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Whiteboards & Block Diagrams


  • A rough design concept
  • Design building blocks (optional)
  • Keystone components


  • Whiteboard

Next Step:

As you begin choosing your keystone components you will get pushed into white-boarding and block diagramming your design.

This will feel like a very natural progression between part searching and schematic capture. You will likely find a couple parts that you want to use, but there will be a gap between them. They won’t speak the same language. Or will need different kinds of power. Or will get programmed differently. And this is where block diagraming them, or simply sketching them on paper, comes in.

Your goal is just to get a feel for how all of the parts you are using connect at the highest level. How many different power supplies do you need? Which parts talk LVDS, or HGMII, or I2C? Where do you need signal converters? Where do you need connectors? Are there any parts that come as a pair with other parts? How much power will you need? How hot will all these chips get?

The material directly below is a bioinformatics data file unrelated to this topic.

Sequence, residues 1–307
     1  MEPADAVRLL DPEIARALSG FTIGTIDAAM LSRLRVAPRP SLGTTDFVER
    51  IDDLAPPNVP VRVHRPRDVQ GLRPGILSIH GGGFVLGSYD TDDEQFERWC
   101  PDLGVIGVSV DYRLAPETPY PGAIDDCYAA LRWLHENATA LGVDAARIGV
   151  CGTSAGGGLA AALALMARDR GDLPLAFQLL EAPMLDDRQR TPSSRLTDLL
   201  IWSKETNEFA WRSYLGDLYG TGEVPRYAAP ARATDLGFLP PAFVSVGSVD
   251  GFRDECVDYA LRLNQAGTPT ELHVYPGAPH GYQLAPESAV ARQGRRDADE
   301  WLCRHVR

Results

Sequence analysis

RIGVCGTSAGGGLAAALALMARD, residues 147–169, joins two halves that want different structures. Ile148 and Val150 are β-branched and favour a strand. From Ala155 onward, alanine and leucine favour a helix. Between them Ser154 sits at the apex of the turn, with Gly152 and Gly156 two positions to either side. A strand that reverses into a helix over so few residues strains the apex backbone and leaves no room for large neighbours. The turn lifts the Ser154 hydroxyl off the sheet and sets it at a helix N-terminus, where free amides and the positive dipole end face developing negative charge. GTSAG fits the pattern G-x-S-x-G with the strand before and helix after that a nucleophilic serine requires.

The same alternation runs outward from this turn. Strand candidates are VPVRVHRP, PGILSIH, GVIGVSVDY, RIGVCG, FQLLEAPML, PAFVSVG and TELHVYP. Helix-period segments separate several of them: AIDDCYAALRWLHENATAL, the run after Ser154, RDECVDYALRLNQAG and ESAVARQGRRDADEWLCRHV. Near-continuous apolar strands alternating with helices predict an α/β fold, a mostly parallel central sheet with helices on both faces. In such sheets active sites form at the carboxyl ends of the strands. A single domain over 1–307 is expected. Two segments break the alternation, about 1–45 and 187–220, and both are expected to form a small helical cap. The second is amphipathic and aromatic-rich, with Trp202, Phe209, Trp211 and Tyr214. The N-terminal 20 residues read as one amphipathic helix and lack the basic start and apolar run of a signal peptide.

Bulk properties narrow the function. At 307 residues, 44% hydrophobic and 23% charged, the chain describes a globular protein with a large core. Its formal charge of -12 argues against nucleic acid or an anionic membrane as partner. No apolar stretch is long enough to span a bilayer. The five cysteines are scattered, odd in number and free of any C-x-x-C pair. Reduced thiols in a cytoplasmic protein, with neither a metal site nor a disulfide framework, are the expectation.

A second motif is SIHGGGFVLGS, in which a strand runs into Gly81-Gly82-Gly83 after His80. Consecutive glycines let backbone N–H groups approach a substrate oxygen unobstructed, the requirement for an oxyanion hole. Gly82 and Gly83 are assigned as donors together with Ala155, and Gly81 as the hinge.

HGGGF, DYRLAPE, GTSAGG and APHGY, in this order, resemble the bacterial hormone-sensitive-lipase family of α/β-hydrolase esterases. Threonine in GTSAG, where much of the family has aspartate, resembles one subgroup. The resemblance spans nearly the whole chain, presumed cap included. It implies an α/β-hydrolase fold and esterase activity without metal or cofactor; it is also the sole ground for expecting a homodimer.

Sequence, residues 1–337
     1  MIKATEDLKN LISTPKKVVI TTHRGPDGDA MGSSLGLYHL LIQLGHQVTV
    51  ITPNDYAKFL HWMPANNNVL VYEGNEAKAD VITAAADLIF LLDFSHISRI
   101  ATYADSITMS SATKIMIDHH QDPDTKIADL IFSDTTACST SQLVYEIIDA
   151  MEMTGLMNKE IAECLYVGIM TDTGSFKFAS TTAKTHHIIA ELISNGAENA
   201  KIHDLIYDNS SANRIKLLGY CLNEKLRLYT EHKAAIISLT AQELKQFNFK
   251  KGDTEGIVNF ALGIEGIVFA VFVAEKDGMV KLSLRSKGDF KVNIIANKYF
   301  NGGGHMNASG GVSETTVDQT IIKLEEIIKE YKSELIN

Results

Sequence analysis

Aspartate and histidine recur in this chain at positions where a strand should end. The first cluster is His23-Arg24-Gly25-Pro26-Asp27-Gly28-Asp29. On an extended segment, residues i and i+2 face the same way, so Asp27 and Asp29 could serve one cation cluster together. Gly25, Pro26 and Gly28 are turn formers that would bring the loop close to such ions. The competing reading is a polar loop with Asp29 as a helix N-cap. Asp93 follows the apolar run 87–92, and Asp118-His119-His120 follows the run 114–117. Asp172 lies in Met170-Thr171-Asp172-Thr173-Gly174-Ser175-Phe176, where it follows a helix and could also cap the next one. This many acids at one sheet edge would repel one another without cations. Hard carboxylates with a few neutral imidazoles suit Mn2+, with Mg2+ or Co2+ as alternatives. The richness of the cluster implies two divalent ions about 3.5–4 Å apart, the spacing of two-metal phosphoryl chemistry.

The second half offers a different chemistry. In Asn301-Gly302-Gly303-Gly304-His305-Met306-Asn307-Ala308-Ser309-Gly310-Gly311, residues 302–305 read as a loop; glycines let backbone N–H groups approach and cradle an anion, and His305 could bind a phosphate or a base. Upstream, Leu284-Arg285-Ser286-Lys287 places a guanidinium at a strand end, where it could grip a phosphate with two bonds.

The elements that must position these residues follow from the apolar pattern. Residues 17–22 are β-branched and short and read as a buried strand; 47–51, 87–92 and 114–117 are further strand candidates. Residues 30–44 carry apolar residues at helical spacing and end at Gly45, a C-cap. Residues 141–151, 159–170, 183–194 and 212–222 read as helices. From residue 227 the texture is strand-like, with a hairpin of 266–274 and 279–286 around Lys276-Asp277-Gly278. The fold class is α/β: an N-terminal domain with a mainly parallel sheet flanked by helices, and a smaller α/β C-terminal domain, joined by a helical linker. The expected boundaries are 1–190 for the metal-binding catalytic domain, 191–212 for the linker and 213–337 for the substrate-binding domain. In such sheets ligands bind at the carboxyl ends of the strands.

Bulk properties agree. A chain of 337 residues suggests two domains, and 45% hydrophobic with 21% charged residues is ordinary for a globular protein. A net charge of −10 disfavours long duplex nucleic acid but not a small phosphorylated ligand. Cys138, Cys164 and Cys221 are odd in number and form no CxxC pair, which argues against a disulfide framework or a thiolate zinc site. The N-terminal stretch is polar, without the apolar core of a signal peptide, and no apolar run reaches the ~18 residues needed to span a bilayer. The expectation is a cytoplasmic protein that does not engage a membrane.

You obviously don’t need to answer all of these questions right now - but you do need to start thinking about them. You need to get a feel for how it all fits into space and how big the final product needs to be. As you start to answer some of these questions you can start sketching your product both logically and physically. Your goal should be a block diagram that, at the highest level, shows the connections between your most important parts, and gives you a starting point for your schematic.

Once your block diagram begins to solidify, your keystone components stop rapidly changing, and your design concept has gelled you are ready to graduate from the whiteboard and move on to schematic capture.

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